A little over a month ago, Naxos released the final (eleventh) volume in the collection of the complete symphonies of Dmitri Shostakovich, performed by Vasily Petrenko conducting the Royal Liverpool Philharmonic Orchestra. This is a single CD of a single symphony, Opus 113 in B-flat minor, the thirteenth of the composer’s fifteen symphonies. Each movement of the symphony is a setting of a poem by Yevgeny Yevtushenko, the first of which is his most famous poem, “Babi Yar.” Because of the familiarity of that poem, the symphony is also often known as the “Babi Yar” symphony.
Shostakovich composed Opus 113 in 1962, the year after Yevtushenko wrote “Babi Yar.” It is named for the site of a series of the bloody Nazi massacres on Soviet soil. Over the course of just one of those operations, lasting between September 29 and September 30 in 1941, 33,771 Jewish men, women, and children were killed, Yevtushenko, who is not Jewish, wrote his poem to protest the refusal of Soviet authorities to recognize the site as a Holocaust memorial.
On the surface it would appear that Yevtushenko was less circumspect about Soviet criticism and how that criticism would be enforced than Shostakovich learned to be in the decade preceding the Nazi invasion of the Soviet Union. Other Russian poets, such as Joseph Brodsky, would later argue that any criticisms that Yevtushenko voiced through his poems were actually approved by the Communist Party. Perhaps Shostakovich felt that working with Yevtushenko’s texts would be viewed as “safe.” (Shostakovich had only jointed the Party in 1960.) Things were not quite as safe as Shostakovich may have expected, though. After the premiere performance of the symphony, Yevtushenko was forced to add a stanza to the poem stating that Russians and Ukrainians died alongside Jews during the Babi Yar massacres. On the other hand Shostakovich was not forced to change his symphony’s first movement to accommodate the added text.
One might argue that Opus 113, scored for bass solo and male chorus, as well as full orchestra, is more of a cantata than an symphony. However, the work follows Shostakovich’s preference for a five-movement structure that we find in the symphonies; and the second movement, setting Yevtushenko’s poem “Humour,” is definitely a scherzo. It is also rich with irony, since the basic argument is that jokes can never successfully be suppressed by authority. The remaining movements, on the other hand, are all darker in nature, including the final Allegretto ironic setting of “A Career.” This is about a contemporary of Galileo, who was smart enough to appreciate Galileo’s argument against prevailing heliocentric thinking but was also smart enough to keep his mouth shut.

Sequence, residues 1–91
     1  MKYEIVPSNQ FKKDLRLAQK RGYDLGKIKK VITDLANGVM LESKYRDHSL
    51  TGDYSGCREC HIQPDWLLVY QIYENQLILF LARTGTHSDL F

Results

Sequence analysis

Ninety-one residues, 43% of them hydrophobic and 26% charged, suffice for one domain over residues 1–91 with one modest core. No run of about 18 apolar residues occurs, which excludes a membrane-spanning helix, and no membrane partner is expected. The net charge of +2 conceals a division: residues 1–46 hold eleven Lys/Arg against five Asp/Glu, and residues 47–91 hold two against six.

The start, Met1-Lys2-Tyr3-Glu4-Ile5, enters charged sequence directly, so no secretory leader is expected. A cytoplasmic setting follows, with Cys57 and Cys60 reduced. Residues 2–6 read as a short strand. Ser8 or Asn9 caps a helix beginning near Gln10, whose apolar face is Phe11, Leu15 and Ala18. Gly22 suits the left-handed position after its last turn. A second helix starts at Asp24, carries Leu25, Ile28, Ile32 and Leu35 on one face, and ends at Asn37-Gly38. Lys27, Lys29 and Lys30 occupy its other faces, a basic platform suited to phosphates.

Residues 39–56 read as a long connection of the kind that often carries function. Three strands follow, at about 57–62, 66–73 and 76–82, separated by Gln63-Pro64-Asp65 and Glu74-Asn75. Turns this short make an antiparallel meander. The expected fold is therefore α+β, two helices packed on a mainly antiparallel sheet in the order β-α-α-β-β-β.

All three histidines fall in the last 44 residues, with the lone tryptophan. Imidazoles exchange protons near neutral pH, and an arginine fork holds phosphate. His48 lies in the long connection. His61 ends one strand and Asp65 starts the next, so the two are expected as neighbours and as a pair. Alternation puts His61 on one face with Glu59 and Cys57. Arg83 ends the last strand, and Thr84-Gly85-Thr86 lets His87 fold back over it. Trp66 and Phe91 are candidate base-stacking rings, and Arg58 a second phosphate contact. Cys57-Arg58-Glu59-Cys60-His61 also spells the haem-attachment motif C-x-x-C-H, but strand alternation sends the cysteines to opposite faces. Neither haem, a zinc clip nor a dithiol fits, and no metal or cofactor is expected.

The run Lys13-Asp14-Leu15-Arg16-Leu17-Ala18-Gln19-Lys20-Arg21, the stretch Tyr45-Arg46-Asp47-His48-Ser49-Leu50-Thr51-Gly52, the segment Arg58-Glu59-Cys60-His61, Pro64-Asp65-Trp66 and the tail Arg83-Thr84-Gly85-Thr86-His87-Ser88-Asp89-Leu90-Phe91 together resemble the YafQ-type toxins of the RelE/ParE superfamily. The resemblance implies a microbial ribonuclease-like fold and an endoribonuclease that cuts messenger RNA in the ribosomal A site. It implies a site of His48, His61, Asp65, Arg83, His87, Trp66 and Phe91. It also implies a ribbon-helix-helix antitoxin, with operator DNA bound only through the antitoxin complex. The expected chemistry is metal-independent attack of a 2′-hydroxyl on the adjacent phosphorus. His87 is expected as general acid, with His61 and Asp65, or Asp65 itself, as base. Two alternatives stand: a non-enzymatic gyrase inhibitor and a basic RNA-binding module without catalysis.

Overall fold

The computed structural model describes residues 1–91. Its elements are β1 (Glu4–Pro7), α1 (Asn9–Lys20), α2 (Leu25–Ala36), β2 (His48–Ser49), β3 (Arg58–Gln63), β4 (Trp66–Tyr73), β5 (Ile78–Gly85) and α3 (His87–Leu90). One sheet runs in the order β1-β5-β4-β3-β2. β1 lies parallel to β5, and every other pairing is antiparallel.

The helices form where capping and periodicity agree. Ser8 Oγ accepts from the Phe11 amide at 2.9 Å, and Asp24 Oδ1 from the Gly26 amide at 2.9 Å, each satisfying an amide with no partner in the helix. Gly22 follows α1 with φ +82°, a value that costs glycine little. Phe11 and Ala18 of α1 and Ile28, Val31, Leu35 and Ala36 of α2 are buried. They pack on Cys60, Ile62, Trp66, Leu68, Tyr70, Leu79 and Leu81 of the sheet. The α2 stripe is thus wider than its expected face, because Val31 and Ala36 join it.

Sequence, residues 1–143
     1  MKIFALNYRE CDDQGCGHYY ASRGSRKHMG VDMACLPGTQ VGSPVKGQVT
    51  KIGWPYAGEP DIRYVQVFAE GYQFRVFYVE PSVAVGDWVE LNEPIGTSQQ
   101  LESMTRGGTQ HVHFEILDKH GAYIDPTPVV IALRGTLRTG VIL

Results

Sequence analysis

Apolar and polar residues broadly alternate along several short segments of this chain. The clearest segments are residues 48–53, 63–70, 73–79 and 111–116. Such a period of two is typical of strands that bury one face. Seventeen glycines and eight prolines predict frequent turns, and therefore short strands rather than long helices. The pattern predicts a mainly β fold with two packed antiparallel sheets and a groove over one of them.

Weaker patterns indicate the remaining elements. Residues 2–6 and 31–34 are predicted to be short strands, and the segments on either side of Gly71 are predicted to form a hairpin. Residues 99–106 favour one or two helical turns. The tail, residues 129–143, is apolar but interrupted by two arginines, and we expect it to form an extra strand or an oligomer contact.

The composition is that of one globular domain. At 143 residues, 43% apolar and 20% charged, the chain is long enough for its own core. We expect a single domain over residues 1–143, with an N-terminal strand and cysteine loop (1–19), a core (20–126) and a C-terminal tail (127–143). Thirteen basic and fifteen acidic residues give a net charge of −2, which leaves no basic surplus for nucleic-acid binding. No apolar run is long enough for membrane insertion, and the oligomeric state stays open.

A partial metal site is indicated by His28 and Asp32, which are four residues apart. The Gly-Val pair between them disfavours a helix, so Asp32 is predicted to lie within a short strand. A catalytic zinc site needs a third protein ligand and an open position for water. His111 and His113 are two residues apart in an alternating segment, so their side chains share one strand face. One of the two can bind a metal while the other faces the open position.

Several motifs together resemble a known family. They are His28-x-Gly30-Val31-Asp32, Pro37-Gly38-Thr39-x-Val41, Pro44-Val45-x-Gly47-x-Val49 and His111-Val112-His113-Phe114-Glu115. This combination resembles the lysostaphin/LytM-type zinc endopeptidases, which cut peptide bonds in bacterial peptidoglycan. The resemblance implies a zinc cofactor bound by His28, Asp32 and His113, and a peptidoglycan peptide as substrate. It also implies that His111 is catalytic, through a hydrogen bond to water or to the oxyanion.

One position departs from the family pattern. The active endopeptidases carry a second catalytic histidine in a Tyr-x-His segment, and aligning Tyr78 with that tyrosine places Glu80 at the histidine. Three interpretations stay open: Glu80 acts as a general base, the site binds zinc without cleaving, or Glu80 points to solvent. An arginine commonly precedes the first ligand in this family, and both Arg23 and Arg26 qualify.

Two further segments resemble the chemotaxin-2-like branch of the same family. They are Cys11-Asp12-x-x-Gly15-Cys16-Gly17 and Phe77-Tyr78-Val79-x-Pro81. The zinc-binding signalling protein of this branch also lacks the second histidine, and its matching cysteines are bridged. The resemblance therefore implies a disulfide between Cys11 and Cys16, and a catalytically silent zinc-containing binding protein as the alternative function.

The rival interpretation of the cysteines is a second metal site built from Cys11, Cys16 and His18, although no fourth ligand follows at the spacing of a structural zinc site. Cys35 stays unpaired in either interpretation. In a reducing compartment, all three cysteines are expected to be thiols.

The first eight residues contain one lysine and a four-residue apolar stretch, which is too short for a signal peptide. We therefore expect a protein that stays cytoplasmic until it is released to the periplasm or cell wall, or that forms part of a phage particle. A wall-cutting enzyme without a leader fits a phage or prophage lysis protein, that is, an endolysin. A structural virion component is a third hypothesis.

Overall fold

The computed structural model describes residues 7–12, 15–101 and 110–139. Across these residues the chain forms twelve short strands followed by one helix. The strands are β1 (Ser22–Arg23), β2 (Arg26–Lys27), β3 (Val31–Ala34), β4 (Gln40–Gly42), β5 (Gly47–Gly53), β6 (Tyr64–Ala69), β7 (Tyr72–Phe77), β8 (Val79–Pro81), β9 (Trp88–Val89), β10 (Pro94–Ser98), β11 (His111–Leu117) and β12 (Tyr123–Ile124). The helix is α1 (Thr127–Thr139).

As with all of the other recordings, Petrenko conducts this symphony with aggressively bold strokes. This is as stirring an account as one finds in the very first recording in the set, the Opus 103 symphony (the eleventh), depicting the onset of the failed Russian Revolution of 1905. Vocally, Alexander Vinogradov has that same solid bass voice that brought strength to the tenth volume in Petrenko’s cycle, Opus 135, the fourteenth symphony, which is basically a symphonic song cycle based on poems about mortality and premature death. This time, however, his deep bass tones are impressively reinforced by the combined male forces of the Huddersfield Choral Society and the Royal Liverpool Philharmonic Choir.
Taken as a whole, the entire collection stands as an impressive approach to the interpretation of Shostakovich’s instrumental music, with each of the symphonies providing its own distinctive contribution to a biographical profile of the composer.